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These are the 4 acceptable reasons to waste food in professional kitchens

Today we will look into some scenarios when food might have to go to the bin. So, let’s see what are the acceptable reasons to waste food in professional kitchens.


But before we begin, we must define what ‘food’ is:


Food is all the edible parts of a product that are suitable and safe for human consumption and contain nutritional value.


So, that’s pretty much everything that you have in your restaurant’s kitchen right now.


Here are the 4 acceptable reasons to waste food in professional kitchens:


1.)  The safety of the food was compromised


There are multiple ways how the safety of the prepared or raw product can be compromised, mostly related to storage. A few examples are: cooked rice that was kept warm for an extended period of time, moldy fruit and vegetables, improperly frozen or improperly defrosted products, cross-contaminated products, incorrectly stored items or spoilage.


If you wouldn’t eat it, then no one else should. If you have to think twice about whether it’s suitable for consumption, then it’s better to get rid of that food.


Look at what mistakes were made and try to avoid them the next time. Every bit of food in the bin is a learning experience.


2.)  Raw produce is non-organic and contains chemicals


I don’t recommend the consumption of outer layers of conventional fruits and vegetables with thick skin, which are directly sprayed with chemicals. Simply put, don’t use the peels of fruits like banana, pineapple, mango or citruses unless the fruit is organic.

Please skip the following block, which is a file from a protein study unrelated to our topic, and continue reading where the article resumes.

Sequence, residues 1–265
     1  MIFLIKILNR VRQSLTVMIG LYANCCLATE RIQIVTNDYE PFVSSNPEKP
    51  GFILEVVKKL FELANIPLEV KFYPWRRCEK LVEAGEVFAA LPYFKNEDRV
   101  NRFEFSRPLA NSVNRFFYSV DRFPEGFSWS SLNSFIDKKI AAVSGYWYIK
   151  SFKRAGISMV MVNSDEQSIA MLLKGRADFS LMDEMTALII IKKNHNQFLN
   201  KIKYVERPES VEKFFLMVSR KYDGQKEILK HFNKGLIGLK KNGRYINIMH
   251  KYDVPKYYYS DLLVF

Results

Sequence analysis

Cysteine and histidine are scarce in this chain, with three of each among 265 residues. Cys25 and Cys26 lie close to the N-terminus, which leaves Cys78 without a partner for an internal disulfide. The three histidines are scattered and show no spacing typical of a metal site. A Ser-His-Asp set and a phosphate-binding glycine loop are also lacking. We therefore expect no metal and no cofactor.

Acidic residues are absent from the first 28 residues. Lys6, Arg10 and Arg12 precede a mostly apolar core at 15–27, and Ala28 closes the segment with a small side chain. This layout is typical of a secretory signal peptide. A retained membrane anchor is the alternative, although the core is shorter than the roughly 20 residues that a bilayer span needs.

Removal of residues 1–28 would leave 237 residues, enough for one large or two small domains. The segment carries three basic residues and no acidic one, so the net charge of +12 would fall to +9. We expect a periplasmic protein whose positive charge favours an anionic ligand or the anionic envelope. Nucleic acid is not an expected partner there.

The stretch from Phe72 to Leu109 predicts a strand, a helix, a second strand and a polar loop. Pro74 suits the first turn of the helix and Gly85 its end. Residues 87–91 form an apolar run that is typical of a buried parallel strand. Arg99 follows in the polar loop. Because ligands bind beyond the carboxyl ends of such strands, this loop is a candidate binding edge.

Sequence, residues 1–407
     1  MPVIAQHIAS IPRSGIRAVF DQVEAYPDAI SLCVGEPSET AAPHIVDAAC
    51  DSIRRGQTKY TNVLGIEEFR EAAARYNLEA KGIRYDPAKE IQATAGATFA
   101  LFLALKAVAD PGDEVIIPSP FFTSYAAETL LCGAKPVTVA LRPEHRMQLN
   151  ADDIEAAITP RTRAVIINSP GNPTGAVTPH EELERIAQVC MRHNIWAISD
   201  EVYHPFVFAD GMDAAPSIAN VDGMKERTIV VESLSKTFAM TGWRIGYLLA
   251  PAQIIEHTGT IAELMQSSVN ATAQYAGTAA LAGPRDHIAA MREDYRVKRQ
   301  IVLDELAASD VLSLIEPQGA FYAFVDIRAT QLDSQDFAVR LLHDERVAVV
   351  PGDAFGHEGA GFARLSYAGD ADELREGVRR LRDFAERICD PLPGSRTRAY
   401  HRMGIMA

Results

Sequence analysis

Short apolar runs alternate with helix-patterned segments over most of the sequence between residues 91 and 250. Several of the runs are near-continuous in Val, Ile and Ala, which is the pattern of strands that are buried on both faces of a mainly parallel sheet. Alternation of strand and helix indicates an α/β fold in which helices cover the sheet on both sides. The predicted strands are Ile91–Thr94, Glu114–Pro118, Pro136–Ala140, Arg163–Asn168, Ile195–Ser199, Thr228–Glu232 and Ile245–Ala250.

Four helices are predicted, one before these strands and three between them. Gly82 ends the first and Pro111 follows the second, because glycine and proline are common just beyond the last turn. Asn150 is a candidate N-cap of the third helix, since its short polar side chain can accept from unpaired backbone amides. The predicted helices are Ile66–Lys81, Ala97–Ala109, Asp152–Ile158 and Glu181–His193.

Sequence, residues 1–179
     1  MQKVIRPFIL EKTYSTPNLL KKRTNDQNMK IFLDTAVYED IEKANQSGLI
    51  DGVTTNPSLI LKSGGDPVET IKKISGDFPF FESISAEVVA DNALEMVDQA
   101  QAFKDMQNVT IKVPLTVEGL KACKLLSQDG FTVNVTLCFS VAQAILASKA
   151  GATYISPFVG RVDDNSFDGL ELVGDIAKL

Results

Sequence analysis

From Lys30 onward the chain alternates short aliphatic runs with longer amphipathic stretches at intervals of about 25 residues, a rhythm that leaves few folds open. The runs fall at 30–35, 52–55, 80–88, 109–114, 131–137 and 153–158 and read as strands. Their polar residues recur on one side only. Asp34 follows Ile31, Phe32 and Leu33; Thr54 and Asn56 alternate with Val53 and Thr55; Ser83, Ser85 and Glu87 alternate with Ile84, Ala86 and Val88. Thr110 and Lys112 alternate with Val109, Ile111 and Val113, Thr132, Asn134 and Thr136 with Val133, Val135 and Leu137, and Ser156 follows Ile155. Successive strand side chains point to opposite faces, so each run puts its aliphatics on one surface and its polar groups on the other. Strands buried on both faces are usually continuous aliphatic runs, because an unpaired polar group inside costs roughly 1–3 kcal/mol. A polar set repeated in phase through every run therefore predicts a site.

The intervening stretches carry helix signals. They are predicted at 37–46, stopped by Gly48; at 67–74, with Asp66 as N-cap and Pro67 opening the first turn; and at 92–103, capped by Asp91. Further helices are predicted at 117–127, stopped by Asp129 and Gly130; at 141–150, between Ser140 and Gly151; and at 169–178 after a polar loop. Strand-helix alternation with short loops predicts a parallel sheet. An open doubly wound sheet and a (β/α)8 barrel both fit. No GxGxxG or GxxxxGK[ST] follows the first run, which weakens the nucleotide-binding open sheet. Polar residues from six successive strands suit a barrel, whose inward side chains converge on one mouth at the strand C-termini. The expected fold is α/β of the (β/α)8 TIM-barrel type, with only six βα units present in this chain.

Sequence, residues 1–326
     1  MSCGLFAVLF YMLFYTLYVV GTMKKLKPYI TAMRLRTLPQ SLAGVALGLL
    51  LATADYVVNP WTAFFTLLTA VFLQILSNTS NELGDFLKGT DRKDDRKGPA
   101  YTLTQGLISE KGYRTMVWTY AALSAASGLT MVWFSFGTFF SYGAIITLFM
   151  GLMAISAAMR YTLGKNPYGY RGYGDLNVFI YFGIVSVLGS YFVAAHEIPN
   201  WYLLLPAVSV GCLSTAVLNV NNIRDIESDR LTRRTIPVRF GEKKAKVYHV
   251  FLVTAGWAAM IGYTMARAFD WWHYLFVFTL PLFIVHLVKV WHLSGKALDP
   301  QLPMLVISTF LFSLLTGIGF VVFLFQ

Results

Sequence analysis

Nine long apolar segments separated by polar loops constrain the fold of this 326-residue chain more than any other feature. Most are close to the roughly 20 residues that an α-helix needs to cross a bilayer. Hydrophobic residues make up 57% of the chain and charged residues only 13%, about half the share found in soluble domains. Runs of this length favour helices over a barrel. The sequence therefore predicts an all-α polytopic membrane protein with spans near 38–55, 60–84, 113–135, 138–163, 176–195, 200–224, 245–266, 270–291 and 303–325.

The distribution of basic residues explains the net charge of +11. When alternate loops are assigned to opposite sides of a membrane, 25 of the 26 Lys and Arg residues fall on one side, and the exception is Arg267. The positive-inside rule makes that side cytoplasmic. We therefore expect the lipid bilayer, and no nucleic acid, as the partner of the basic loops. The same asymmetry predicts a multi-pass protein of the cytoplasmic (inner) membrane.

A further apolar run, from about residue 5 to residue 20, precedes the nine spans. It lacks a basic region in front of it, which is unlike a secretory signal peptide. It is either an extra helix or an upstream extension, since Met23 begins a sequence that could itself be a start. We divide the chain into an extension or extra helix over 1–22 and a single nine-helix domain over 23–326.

As the skin is thick, it is more likely to soak in any chemicals used, especially in the case of citruses with porous skin. The best place for those peels is in the bin/compost.


What about other produce? It’s highly debatable and I won’t be digging into it in this article, but in general, eating the peels of conventional produce that has thin skin should not do any more harm than eating the flesh of the produce, as the chemicals used are likely to seep through the entire product, so wasting the peels won’t significantly reduce the risk of consuming chemicals.


The best way to avoid this type of waste is to purchase organic produce whenever possible.


3.)Flavour and nutrition have been extracted from the product, and/or further up-cycling would not create a valuable product for your business


Bones from the bone broth will eventually end up in the bin. Pineapple skin from making pineapple stock will eventually end up in the bin. You have extracted the flavour and nutrition from the fibrous trimmings of vegetables, and you are unable to further up-cycle the product in a way that would add value to the dishes you are serving.


After exploring all the viable options, those products might end up in the bin, and that’s okay.


4.) You have already up-cycled the majority of your by-products


You have hit your limit. 95% of the by-products have been up-cycled, and there is this ~5% that you have a hard time dealing with.


Pat yourself on the back for doing a great job and let that 5% go to waste if you feel like it will help preserve your sanity. Let’s focus on doing as much as we can rather than losing our minds over a tiny amount of food in the bin.


That’s it for today. Notice that I don’t list ‘reasons’ such as ‘We don’t have time to focus on this’ as that’s an invalid reason. Time is created based on priorities.


And if you want to know how time can be created and food costs be reduced, then join my online food waste training for chefs.


Until next time,


Vojtech Vegh - Zero-Waste Plant-Based Chef, Author, The Food Waste Guide For Chefs™



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